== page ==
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Auditory Cortical Plasticity Dependent on Environmental Noise Statistics.

  • Author(s): Homma, Natsumi Y
  • Hullett, Patrick W
  • Atencio, Craig A
  • Schreiner, Christoph E
  • et al.
Abstract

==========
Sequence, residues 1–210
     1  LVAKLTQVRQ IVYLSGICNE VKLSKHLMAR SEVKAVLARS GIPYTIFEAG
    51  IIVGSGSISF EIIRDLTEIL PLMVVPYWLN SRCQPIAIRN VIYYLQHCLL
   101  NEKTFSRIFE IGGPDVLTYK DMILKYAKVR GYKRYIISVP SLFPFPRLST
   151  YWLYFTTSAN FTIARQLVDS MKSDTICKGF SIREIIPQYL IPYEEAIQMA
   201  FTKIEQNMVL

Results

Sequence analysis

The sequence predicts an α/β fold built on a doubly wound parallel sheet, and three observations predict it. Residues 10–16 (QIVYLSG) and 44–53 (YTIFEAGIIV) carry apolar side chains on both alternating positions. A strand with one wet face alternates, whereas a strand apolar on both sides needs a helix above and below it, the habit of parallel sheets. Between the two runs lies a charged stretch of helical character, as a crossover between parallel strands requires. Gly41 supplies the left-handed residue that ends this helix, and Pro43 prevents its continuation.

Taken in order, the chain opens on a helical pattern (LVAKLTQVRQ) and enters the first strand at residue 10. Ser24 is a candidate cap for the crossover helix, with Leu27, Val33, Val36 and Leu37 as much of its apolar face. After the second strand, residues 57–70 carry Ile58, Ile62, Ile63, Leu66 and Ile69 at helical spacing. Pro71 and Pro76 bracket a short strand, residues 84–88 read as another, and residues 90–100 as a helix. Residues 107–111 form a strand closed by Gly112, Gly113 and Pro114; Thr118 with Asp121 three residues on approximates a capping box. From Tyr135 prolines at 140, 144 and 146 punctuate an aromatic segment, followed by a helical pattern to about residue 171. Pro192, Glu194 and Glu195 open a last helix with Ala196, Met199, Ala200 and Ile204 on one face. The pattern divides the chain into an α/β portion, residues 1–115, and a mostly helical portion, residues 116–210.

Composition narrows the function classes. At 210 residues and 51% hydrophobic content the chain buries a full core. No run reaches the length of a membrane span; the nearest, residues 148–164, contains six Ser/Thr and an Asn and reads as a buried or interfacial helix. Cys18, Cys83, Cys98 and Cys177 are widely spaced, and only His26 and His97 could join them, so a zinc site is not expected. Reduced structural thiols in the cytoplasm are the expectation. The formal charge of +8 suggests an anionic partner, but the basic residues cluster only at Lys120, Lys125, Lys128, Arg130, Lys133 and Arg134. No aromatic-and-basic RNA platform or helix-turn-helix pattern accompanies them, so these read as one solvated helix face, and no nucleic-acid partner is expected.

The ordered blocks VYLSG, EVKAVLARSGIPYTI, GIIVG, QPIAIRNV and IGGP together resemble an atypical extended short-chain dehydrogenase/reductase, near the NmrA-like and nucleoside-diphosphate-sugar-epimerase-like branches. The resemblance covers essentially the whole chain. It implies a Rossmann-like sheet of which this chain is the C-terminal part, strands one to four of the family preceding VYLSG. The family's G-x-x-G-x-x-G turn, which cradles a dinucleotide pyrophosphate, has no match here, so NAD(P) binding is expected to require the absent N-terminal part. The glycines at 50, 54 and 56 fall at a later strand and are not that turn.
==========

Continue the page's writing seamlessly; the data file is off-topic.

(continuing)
During critical periods, neural circuits develop to form receptive fields that adapt to the sensory environment and enable optimal performance of relevant tasks. We hypothesized that early exposure to background noise can improve signal-in-noise processing, and the resulting receptive field plasticity in the primary auditory cortex can reveal functional principles guiding that important task. We raised rat pups in different spectro-temporal noise statistics during their auditory critical period. As adults, they showed enhanced behavioral performance in detecting vocalizations in noise. Concomitantly, encoding of vocalizations in noise in the primary auditory cortex improves with noise-rearing. Significantly, spectro-temporal modulation plasticity shifts cortical preferences away from the exposed noise statistics, thus reducing noise interference with the foreground sound representation. Auditory cortical plasticity shapes receptive field preferences to optimally extract foreground information in noisy environments during noise-rearing. Early noise exposure induces cortical circuits to implement efficient coding in the joint spectral and temporal modulation domain.

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